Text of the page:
Josie Duffy Rice: For the first time ever, a pharmaceutical company is seeking FDA approval to sell its birth control pills over the counter, meaning you wouldn’t need a prescription to get them. The company in question, HRA Pharma, claims that the move is not related to the recent political attacks on reproductive rights, or the Supreme Court’s reversal of Roe v. Wade, but if approved, the move would make birth control pills much more accessible as conservative states consider restricting access to contraceptives. The process might take a while, though. It could be up to a year until the FDA gives a green light. And the decision would only apply to HRA Pharma’s pills.


Tre’vell Anderson: Texas’s power grid is psyching itself up in the mirror again for another day of intense heat. Record breaking temps began on Sunday, hitting 113 degrees in some areas, and prompting ERCOT, the operator of the state’s grid, to ask Texans to conserve electricity between 2 and 8 p.m. yesterday. The idea is that by forgoing air conditioning and instead cooling off by conjuring a mental image of an ice cube, people can avoid blackouts. Notably, those blackouts wouldn’t be so prevalent in Texas if the state hadn’t pushed for energy independence and deregulation throughout the 20th century.


Josie Duffy Rice: Pretty bold of Texas politicians to ask Texans to think of the collective, you know. Just think about all of us. Just go without your air conditioning between 2 and 8. It’s really about all of us. Speaking of reasons, we need to apologize to Mother Nature: there’s an over-2000 acre wildfire burning in California’s Yosemite National Park right now–that is a very devastating sentence. The fire has entered Mariposa Grove, which is home to more than 500 giant sequoia trees, some of which are thought to be over 2000-years old. Fire crews seem optimistic that the sequoias will be protected. One of the largest ones has even been equipped with its own sprinkler system. And parts of the park that are relatively less on fire are still accessible to visitors.


Tre’vell Anderson: Personal sprinkler systems? We love to see it.


Josie Duffy Rice: I love it. I need one.


Tre’vell Anderson: Absolutely. And lastly, some drama in the world of drama yesterday, as actress Lea Michele was announced as the replacement for Beanie Feldstein in Broadway’s revival of Funny Girl. Feldstein announced on Instagram this Sunday that she’d leave the show early, citing a decision by the production to, quote, “take the show in a different direction”–never good, coded language there. Yesterday, it was revealed that that direction is straight towards Lea Michele, who has often expressed interest in starring in Funny Girl, but was initially passed over for the role in this revival. Part of what makes the Funny Girl recasting saga–or Funnygate, as we’re calling it–so controversial is Michele’s reputation. Multiple cast members on her old show, Glee, have accused her of racist and cruel behavior. In one case, she allegedly threatened to, quote, “shit in the wig” of her costar Samantha Wear, where responded to the casting announcement yesterday by tweeting in part, quote, “Yes, I’m Black. Yes, I was abused. Yes, my dreams were tainted. Yes, Broadway upholds whiteness.”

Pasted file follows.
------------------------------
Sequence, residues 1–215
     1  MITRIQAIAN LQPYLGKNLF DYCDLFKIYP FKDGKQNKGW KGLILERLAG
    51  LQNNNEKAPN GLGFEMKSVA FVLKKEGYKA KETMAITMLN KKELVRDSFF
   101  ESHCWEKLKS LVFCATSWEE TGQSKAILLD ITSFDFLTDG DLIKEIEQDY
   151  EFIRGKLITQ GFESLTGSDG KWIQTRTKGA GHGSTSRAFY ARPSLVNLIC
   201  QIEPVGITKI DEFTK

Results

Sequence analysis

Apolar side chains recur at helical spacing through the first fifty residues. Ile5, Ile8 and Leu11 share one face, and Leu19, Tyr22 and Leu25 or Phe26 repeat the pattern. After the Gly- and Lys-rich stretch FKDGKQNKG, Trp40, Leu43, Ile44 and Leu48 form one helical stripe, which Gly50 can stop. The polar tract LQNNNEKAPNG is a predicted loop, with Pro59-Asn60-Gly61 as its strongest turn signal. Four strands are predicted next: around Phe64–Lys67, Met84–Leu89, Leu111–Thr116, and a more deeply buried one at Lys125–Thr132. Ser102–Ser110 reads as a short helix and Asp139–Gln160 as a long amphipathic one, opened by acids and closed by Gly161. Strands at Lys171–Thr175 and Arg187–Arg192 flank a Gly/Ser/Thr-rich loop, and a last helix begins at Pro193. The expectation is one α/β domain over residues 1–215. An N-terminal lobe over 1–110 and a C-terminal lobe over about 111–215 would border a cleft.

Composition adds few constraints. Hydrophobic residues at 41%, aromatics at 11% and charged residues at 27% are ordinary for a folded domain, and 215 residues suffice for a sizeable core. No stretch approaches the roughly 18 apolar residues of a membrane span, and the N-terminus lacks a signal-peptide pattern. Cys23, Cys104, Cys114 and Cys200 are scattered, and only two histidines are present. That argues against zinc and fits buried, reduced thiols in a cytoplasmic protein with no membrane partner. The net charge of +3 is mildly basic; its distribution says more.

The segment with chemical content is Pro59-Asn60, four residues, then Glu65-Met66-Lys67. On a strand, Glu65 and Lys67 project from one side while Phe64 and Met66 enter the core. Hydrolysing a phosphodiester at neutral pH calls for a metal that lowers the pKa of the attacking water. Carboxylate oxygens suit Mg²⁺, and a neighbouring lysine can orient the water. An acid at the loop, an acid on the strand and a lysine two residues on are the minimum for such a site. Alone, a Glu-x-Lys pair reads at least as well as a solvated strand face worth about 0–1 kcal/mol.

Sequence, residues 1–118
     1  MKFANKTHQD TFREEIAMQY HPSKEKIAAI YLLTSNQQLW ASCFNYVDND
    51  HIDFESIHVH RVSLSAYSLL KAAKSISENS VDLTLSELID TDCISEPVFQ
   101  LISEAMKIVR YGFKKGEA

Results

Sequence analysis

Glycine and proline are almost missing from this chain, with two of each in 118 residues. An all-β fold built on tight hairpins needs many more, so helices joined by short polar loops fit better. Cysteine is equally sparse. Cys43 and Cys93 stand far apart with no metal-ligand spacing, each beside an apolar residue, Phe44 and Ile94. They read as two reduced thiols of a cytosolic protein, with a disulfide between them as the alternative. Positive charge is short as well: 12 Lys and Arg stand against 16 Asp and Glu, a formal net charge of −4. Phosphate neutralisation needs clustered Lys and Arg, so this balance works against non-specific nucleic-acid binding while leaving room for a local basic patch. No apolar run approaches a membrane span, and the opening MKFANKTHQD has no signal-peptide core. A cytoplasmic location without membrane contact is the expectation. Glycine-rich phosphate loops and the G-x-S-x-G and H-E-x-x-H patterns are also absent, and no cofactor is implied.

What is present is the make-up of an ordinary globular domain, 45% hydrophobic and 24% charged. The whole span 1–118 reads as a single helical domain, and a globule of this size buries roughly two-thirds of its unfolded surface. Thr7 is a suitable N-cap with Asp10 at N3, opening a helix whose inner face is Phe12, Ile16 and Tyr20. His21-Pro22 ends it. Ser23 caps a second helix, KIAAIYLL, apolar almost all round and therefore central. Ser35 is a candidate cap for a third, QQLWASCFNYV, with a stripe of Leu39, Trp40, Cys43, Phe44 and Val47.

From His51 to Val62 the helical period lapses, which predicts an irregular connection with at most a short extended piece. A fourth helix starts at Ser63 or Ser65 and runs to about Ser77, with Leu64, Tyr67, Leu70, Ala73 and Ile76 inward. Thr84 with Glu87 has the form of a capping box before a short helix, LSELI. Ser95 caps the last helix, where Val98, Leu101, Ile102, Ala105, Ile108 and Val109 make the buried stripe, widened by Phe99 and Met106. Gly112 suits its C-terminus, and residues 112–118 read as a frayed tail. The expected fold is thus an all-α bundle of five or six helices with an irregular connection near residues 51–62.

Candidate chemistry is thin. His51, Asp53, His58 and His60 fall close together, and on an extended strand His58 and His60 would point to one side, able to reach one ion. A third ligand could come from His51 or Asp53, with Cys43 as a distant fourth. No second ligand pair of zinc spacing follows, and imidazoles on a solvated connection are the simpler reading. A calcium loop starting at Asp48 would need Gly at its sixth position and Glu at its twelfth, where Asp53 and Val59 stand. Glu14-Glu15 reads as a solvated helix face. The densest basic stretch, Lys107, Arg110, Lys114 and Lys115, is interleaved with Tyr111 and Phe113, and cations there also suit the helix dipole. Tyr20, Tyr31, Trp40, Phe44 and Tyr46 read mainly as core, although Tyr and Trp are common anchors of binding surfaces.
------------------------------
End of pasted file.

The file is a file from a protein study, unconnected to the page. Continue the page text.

Josie Duffy Rice: I have a lot of questions about threatening to shit in someone’s wig, but I’m not going to ask them right now.


Tre’vell Anderson: It’s a lot.


Josie Duffy Rice: Because it’s not the time.


Tre’vell Anderson: It’s not the time.


Josie Duffy Rice: But we will be having a special episode of WAD later this week.


Tre’vell Anderson: I will just say, Lea Michele is going to sing her face off in this role.


Josie Duffy Rice: I know! It’s going to be really good.


Tre’vell Anderson: Listen, all of the Rachel Berry stans out there, this is for you, okay?


Josie Duffy Rice: I truly do love Beanie Feldstein, but you just can’t deny that Lea Michele is going to destroy this role, in a good way.


Tre’vell Anderson: Absolutely.


Josie Duffy Rice: And those are the headlines. That is all for today. If you like the show, make sure you subscribe, leave a review, visualize an ice cube, and tell your friends to listen.


Tre’vell Anderson: And if you are into reading, and not just the lines for your new part in Funny Girl like me–I obviously have the starring role, What a Day is also a nightly newsletter. Check it out. Subscribe at Crooked.com/subscribe. I’m Tre’vell Anderson.


Josie Duffy Rice: I’m Josie Duffy Rice.


[together] And keep shining, space.


Tre’vell Anderson: Yes, we need you.


Josie Duffy Rice: Okay, so if you have the starring role, who am I? I haven’t seen Funny Girl so I don’t know.


Tre’vell Anderson: Me either. I’m no help.


Josie Duffy Rice: You’re like, all I know is I’m the star.


Tre’vell Anderson: I just know I’m the center of attention.


Josie Duffy Rice: I love it. I admire it. I support it. What A Day is a production of Crooked Media. It’s recorded and mixed by Bill Lancz. Jazzy Marine and Raven Yamamoto are our associate producers. Our head writer is Jon Millstein, and our executive producer is Leo Duran. Our theme music is by Colin Gilliard and Kashaka.